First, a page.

Intellectual life is a social endeavor, involving both a community of participants and institutions that support their activities. In this post I discuss some of the key elements of the ecosystem that is needed for a flourishing intellectual culture. In my view, these key elements include scholars, conferences, publishers and publications, academic positions, and graduate programs. At the moment, while Mormon Studies has some version of each of these elements, they are all quite limited and in many cases rather rudimentary. Yet in standard ecological fashion, each of these elements symbiotically depends on the others, and I’ll discuss why. It is an interesting question, then, how to get from our current situation of a few scattered sparks to one of established intellectual vitality. Perhaps the primary components of an intellectual culture are people who think, and thoughts. While thinkers are not necessarily associated with a school, I will call them scholars. While our thoughts may simply take place in our heads, to form part of the culture, they must be expressed and shared. At an informal level, they may be expressed and shared among friends, in informal discussion groups, on blogs, or, say, in Sunday School discussions. In a robust intellectual culture, however, thoughts must take a more robust form, as presentations and publications. Hence an intellectual culture needs conferences and similar fora for presentations, and it needs publishers who are interested in publishing Mormon Studies and capable of both…

SMPT Reminder/Travel Funding/Arrington Lecture Update

The July 16th submission deadline for the Society for Mormon Philosophy and Theology’s 2012 Annual Meeting is approaching. The conference will be held at Utah State University, September 20-22, with the theme, “Theology of The Book of Mormon.” For a fuller discussion of the theme and submission information, see the Call for Papers. Some funding is available, on a competitive basis, to defray travel costs for student presenters of up to $650 each, based on the merit of the proposal and the distance traveled. Details on travel awards also appear on the Call for Papers page. Those considering attending may also be interested in another event that weekend in Logan: Terryl L. Givens, “The Prophecy of Enoch as Restoration Blueprint” 18th Annual Leonard J. Arrington Mormon History Lecture Thursday, September 20th, 7pm Logan Tabernacle, 50 N. Main Street Givens will be speaking on the unique theology of the prophecy of Enoch in the Book of Moses, including its portrayal of Zion and of a God who weeps, and on the crucial role this revelation played in the early development of Joseph’s conceptions of the cosmos, of God, and of his own role as a prophet. The SMPT conference schedule will be arranged to encourage attendance at this event. Abstract and Bio from Arrington Lecture flyer (PDF, 1.8MB): “The Prophecy of Enoch as Restoration Blueprint” The prophecy of Enoch exerted an influence on the development of early Mormonism far out of…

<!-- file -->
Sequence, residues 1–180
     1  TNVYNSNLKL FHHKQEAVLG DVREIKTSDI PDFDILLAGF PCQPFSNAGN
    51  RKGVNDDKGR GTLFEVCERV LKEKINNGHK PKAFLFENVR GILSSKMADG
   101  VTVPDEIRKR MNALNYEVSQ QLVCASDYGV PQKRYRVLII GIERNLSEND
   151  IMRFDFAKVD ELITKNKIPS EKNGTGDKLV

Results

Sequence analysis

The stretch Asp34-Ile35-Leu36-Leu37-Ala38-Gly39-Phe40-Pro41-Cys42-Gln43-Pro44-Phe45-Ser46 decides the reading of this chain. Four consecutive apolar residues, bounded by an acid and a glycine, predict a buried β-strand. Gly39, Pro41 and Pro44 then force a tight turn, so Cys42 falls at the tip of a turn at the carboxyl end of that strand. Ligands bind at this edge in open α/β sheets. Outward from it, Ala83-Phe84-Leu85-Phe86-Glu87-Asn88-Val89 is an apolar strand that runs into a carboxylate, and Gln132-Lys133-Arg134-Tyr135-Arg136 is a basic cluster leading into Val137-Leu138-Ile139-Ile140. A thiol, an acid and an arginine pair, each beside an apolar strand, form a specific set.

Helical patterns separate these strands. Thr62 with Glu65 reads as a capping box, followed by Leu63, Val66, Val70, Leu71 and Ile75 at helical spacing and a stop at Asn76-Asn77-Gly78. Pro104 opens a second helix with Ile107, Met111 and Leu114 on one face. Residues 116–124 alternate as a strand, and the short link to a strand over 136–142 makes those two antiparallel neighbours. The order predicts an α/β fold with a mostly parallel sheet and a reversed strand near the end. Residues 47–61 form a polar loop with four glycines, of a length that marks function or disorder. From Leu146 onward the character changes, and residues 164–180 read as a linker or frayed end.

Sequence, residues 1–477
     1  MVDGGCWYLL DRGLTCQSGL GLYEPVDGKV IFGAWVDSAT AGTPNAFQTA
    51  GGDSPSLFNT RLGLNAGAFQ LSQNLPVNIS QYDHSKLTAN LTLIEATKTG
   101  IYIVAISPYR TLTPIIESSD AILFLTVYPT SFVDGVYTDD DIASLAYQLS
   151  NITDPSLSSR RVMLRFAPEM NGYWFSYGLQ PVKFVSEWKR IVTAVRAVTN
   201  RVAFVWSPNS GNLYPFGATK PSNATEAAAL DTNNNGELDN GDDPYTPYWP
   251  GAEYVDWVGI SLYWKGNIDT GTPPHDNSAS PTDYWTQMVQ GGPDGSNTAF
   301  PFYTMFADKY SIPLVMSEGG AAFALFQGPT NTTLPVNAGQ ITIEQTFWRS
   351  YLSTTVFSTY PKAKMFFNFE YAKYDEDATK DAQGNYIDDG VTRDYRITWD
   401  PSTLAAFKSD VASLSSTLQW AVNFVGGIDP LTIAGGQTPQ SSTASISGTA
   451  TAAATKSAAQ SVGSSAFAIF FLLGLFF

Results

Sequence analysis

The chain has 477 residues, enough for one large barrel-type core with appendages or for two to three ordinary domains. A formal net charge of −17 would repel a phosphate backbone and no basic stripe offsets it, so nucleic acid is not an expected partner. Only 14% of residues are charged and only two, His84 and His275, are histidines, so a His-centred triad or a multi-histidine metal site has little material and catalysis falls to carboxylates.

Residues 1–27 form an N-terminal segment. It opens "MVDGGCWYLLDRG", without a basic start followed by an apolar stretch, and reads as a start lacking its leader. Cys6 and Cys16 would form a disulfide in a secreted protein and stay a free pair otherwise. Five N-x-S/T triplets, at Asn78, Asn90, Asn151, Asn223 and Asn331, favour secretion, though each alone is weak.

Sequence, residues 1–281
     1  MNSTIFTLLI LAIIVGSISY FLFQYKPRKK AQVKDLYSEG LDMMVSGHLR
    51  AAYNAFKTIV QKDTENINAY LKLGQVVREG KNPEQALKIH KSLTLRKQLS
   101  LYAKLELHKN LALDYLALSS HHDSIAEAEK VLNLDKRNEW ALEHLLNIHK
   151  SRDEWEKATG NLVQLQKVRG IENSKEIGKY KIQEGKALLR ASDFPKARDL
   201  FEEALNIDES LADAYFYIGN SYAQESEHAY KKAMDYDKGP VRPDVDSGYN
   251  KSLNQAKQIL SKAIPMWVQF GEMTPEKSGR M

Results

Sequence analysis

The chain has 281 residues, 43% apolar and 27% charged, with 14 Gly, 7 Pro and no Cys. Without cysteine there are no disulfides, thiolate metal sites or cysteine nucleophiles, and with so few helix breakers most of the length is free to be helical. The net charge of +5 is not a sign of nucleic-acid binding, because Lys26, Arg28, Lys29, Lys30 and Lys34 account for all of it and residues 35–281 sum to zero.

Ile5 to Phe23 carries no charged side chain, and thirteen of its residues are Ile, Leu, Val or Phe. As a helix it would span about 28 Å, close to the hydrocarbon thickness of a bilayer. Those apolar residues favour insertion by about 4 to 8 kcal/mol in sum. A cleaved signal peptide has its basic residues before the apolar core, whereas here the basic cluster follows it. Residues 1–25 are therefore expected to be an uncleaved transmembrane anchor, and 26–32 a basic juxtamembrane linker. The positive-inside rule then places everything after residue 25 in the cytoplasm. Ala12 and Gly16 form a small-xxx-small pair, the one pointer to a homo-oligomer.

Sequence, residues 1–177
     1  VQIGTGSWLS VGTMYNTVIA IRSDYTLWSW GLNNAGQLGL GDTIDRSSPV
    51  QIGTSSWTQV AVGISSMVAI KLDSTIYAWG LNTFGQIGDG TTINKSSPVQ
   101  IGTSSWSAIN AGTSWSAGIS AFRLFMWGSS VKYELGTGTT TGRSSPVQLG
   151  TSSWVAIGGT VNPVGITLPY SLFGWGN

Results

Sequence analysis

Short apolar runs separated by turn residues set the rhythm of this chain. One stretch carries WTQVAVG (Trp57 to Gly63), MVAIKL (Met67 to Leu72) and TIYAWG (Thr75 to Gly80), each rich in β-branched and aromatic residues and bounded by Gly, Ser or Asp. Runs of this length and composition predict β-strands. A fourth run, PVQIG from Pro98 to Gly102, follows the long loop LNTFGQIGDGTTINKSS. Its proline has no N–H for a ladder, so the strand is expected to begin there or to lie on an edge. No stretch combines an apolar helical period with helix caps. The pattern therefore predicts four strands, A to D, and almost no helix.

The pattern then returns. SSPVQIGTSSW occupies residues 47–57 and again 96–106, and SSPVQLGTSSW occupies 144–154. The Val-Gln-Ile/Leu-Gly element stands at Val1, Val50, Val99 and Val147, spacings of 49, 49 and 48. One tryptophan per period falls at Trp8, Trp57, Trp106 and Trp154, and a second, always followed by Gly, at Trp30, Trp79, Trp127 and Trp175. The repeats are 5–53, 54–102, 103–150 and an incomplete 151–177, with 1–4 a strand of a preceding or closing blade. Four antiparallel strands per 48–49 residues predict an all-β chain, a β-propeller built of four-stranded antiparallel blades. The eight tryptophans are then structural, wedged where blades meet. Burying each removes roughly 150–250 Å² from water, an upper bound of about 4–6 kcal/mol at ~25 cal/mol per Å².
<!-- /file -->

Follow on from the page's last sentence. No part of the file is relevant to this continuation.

Are Book Reviews Scholarship? Explosive Tensions Within the Mormon Studies Review

Perhaps the main problem with the Mormon Studies Review, which led to this awful explosion in the last couple of weeks, can be crystallized by looking at the titles it has held over the years and thinking for a moment about what they mean. At first, it was the FARMS Review of Books on the Book of Mormon. It then became the FARMS Review of Books, the FARMS Review, and finally, just the Mormon Studies Review, expanding out the “MS” and dropping the “FAR” at the start. That is quite a journey, and expresses a range of personalities whose conflict with one another appears to have finally produced this explosion between Jerry Bradford and Dan Peterson. The scope changed dramatically from just books dealing with the Book of Mormon at first, to all kinds of stuff related to Mormonism at the end. But those changes in scope were pretty straightforward. The complicated part is a matter of genre. The Review started as a publication that specifically did book reviews, and ended up as a publication that invites “substantial freestanding essays that make further contributions to the field of Mormon studies.” And my hunch is that Jerry Bradford would want to emphasize these freestanding essays as the core of the publication going forward, even though they are mentioned second, as an “also” in the current description of the journal on the Maxwell site. But see, book reviews are just a very…